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ELCA Social Statements: Consensus Teaching Documents: Part I

The teaching authority of the Roman Catholic Church, referred to as the magisterium, resides in the episcopacy and especially the papacy.  The parallel teaching authority of the ELCA is the process of study, debate, and adoption of various social statements.

Social statements are social policy documents, adopted by an ELCA Churchwide Assembly, addressing significant social issues.  They provide an analysis and interpretation of an issue, set forth basic theological and ethical perspectives related to it, and offer guidance for the Evangelical Lutheran Church in America, its individual members, and its affiliated agencies and institutions. They are the product of extensive and inclusive deliberation within this church.

At the 2009 Church wide assembly in Minneapolis, the ELCA adopted revised ministry policies encouraging “recognition and support” for persons in “publicly accountable, lifelong, monogamous” same gender relationships and also allowed such persons in such relationships to be ordained.

Separately and coincidentally, the ELCA adopted its tenth social statement entitled, Human Sexuality:Gift and Trust.  Of course, it was the two pages (out of thirty two) devoted to homosexuality that garnered the most interest and resistance.  The significant aspect of the document vis a vis homosexuality is that gay sexual ethics are treated exactly the same as straight sexual ethics.  Human sexuality, both gay and straight, is treated as gift of God entrusted to humans for good but also with the potential for abuse.

Sexuality especially involves the powers or capacities to form deep and lasting bonds, to give and receive pleasure, and to conceive and bear children. Sexuality can be integral to the desire to commit oneself to life with another, to touch and be touched, and to love and be loved. Such powers are complex and ambiguous. They can be used well or badly. They can bring astonishing joy and delight. Such powers can serve God and serve the neighbor. They also can hurt self or hurt the neighbor. Sexuality finds expression at the extreme ends of human experience: in love, care, and security, or lust, cold indifference, and exploitation.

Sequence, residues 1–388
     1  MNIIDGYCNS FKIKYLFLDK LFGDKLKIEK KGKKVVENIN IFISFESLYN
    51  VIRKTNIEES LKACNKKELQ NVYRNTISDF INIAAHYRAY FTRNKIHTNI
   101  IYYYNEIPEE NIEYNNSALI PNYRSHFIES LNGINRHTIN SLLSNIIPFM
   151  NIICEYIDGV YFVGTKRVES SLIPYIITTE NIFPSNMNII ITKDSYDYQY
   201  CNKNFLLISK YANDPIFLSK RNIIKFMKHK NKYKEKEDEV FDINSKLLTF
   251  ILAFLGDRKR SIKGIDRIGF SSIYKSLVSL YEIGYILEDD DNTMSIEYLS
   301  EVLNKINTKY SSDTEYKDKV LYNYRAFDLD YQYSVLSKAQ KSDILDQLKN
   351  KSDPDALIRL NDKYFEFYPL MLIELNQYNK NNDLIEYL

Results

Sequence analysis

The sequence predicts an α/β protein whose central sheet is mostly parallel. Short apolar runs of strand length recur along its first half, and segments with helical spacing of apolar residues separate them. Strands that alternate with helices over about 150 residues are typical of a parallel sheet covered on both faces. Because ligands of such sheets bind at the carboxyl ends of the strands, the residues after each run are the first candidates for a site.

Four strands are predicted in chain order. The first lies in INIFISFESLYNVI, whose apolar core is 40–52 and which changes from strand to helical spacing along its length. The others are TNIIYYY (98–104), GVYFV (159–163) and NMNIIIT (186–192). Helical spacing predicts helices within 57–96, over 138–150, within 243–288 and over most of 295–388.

The process of adopting a social statement begins with an enabling resolution from the church wide assembly of voting members.  Typically, the enabling resolution calls for the formation of a task force, a blue ribbon panel, that will consider issues theologically and with appropriate input from secular, social science.  The process typically takes years of study, debate, dissemination of preliminary documents for feedback from all ELCA constituencies, and finally the preparation of a lengthy document that will be considered and voted upon by the biennial church wide assembly of voting members, the ultimate legislative authority of the church.  For instance, the enabling resolution for the recently adopted human sexuality statement dates back to the 2001 church wide assembly, so the process from beginning to end spanned 8 years.  According to the ELCA constitution, social statements require a 2/3 supra majority for passage, and the 2009 assembly adopted the human sexuality statement by precisely that 2/3 majority without a single vote to spare.

The human sexuality statement was the tenth social statement adopted by the ELCA.  Here is the list; each statement may be reviewed and downloaded from the ELCA website:

  • Abortion
  • Church in Society
  • Death Penalty
  • Economic Life
  • Education
  • Environment
  • Health and Healthcare
  • Human Sexuality: Gift and Trust
  • Peace
  • Race, Ethnicity, and Culture

The 2009 Convention also called for the study process to begin on another possible social statement entitled “Justice for Women”.  The process of study and creation of a social statement takes years and resources (about a million dollars).  The recommendation that was adopted calls for Churchwide assembly action in 2015.  Two other study processes are already underway based upon earlier Churchwide authorizations—Genetics and Criminal Justice.